A world wrapped up in covers and spines


Remember when I wrote about my lack of hoarding, and my penchant for throwing important items away? I failed to mention my dirty little hoarding secret. I hoard books. There isn’t a room in my house where you can’t find a stack of them lurking somewhere. Next to the bed, in the hutch, under the coffee table, stacked up high in the basement. A Kindle sits in a drawer somewhere with worlds hidden behind its screen. Lest you think this I consider this a problem, I assure you, it is one I never want to solve.

A few days ago, I saw a job posting for an assistant book scout. According to the description, the sole purpose of this job is to read for a living. Where has this been all my life? Jobs actually exist in which one is allowed to read books all day, every day? For a living? Forget this writing mumbo-jumbo. Let me feast on other people’s words. Let me bathe myself in their tears, and revel in their blood and sweat.

To that end, I thought I’d join Anne at Modern Mrs. Darcy and show you all what’s on my bookshelf. Brace yourselves. My taste in books carries with it a certain “no rhyme or reason” sensibility. I also happen to share these bookshelves with a man who might read about Navy Seal operations one night, and Genesis in Space and Time the next. We make an odd pair.

Join me on the bookshelves?

For when I want fiction:


By far, the most confusing and difficult book in this little stack is One Hundred Years of Solitude. The rest, mostly winners. My Favorite: The Poisonwood Bible. Least Favorite: The Sugar Queen. Confession: I’ve never read The Lord of The Rings. Don’t hate me.

More fiction:


I’d read a grocery list written by Kate Morton. The Distant Hours will keep you up at night. Looking for a quirky, fun, cozy mystery? Give Alan Bradley a try. His character Flavia de Luce is one of my all time favorites. The Aftermath is fantastic. Before too long, I suspect it will make a blockbuster film. Get the book and cast the characters for yourself.

For when I want to remember:


We grew into the habit of picking up small tourist books from all of the interesting places we’ve visited over the years. Cheesy? Yes. A great way to remember all of the people and places that have shaped us? Absolutely. We have entire shelves of these.

For when I need real stories:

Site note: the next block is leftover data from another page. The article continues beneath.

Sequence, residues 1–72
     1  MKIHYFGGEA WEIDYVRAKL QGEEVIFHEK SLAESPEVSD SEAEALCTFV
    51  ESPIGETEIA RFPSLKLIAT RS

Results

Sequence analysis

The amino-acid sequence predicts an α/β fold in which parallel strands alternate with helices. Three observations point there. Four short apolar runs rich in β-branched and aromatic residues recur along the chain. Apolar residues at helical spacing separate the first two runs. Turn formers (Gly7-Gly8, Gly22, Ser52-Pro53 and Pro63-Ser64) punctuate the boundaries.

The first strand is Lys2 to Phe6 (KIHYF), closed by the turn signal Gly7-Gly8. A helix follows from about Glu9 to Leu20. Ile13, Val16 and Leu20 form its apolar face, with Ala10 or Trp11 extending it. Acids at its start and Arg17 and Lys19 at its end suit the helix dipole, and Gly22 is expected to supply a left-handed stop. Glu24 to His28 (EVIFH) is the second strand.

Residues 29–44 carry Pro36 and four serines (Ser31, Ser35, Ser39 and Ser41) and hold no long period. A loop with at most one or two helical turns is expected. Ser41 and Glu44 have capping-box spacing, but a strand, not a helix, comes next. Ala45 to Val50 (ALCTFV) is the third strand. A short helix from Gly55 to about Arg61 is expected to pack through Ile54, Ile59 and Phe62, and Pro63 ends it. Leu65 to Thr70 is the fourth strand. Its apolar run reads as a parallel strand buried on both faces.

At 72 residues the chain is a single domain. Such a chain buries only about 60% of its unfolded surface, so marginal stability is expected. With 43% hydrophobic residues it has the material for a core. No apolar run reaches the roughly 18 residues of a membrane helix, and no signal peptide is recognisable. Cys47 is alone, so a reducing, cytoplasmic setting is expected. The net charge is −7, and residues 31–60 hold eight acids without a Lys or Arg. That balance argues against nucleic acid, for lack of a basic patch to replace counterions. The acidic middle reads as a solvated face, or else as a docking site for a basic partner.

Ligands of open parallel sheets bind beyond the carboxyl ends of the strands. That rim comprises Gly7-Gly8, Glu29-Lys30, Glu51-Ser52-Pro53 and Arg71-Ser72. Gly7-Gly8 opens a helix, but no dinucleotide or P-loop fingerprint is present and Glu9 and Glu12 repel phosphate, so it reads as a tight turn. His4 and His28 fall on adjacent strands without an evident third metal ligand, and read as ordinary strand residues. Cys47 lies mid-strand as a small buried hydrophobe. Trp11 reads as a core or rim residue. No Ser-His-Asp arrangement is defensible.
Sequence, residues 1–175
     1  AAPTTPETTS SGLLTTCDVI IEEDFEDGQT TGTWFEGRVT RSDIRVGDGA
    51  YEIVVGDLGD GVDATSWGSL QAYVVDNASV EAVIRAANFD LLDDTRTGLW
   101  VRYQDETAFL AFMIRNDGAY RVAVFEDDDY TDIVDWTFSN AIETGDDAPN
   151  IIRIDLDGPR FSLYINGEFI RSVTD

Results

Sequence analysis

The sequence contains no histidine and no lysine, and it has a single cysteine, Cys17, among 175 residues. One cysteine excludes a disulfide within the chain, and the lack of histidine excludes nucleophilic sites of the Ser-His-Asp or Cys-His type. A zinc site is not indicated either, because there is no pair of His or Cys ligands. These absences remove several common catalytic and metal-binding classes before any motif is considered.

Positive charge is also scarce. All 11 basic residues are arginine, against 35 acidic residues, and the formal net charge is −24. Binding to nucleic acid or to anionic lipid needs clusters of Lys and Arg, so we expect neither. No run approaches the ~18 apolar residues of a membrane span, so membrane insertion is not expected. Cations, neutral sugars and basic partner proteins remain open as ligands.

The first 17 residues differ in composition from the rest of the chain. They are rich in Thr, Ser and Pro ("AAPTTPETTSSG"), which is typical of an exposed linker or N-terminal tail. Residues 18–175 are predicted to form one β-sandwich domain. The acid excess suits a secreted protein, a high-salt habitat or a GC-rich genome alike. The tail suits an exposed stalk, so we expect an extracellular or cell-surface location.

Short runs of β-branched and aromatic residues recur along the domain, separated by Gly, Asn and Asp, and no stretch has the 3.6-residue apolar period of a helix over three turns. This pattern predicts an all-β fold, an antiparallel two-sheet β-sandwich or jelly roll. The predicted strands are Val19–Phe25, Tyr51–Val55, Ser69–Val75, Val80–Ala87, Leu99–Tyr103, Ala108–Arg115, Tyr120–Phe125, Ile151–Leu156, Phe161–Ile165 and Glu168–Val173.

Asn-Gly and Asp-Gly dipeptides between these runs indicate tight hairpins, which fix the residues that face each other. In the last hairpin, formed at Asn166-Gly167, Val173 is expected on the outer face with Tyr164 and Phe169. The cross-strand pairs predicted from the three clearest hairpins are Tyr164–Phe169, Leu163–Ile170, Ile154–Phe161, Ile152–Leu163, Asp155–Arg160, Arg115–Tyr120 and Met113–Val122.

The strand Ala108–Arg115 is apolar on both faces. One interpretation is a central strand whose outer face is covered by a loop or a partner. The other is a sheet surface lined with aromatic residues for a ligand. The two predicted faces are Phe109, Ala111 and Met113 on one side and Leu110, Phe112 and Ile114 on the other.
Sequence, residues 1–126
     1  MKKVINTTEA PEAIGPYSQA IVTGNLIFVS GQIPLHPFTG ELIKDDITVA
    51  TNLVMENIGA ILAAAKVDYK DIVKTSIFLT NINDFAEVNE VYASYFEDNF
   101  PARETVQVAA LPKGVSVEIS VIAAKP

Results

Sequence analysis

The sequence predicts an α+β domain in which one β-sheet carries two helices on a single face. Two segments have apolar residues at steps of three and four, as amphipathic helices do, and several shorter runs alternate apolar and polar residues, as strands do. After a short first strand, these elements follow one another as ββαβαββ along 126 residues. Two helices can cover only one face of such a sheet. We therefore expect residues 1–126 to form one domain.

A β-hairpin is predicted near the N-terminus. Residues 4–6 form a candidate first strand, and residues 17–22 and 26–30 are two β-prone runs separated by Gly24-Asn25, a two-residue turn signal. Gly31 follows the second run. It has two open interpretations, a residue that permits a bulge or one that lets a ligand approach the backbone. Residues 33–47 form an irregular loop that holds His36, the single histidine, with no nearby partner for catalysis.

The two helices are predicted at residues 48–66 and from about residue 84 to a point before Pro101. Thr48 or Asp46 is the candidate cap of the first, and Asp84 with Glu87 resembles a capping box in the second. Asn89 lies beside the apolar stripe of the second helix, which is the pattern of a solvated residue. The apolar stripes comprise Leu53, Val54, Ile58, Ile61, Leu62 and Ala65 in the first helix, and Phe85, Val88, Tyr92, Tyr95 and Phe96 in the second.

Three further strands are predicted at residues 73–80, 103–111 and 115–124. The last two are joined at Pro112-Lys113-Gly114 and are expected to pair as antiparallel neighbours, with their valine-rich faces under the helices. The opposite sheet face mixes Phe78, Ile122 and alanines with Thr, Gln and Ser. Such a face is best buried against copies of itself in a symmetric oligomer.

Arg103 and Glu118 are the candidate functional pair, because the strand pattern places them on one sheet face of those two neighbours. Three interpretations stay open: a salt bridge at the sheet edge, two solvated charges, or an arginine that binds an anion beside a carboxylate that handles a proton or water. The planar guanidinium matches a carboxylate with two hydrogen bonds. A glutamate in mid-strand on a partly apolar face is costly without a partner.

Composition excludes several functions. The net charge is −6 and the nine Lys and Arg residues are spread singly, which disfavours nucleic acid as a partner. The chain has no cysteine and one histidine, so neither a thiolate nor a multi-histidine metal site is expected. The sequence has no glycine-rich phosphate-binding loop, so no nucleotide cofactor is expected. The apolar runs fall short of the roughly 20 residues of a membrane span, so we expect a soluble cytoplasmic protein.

Another confession: Fiction is my first love. Non-fiction is sometimes a chore for me. My favorite: Walking on Water by L’Engle. ย Bread and Wine by Shauna Niequist is also a contender. And Ann Lamott? Can I be her when I grow up? She is equal parts irreverence and wicked wit and burgeoning faith.

For when I can’t handle chick-lit:


These are the books that help me make up for a dismal secondary education. I want to crawl inside each of them and stay awhile (ok, not the Bobbsey Twins, that one is purely for nostalgia). My favorite book of all time, forever and ever, amen: Little Women. My parents gave me this vintage edition and sometimes I open it just to smell the pages.

Thanks for joining me on this sliver of a tour. Maybe another day we’ll get to the books I have piled up elsewhere. If you need me, I’ll be feasting in the stacks.


Tell me, do we have any books in common? I’d love to hear what you’re reading and what you think I should add to my bookshelves next.


  • Holland @hollandsays

    Lots of similar titles on our shelves – Secret Life of Bees, Night Circus, Shadow of the Wind. Little Women also in my top 10 as I had 3 sisters and so strongly identified with the sibling relationships. To see if we have anymore in common, I’m over at http://www.lifesimplifiedforyou.com. Thanks for sharing.

    • KimberlyCoyle

      Thanks for stopping by! I’ll pop in over at yours too:)

  • rhondi mullins

    I love books too but I often clear them out and give them away only to wish I hadn’t sometime later! I love your comment about Kate Morton. I’ve read every one of her books and loved all of them. My favorite book is The Shellseekers by Rosamunde Pilcher.

    • KimberlyCoyle

      I’ve never read Rosamunde Pilcher, and so many readers have recommended her to me. Time to remedy this!

  • I thought I was the only one to have not read TLOTR! My kids keep pestering me to read it, but I have a mental block about it. This was fun!

    • KimberlyCoyle

      Total mental block. This is sacrilegious I know, but I think it could have used a wee bit of a heavier edit. Gah, all the details!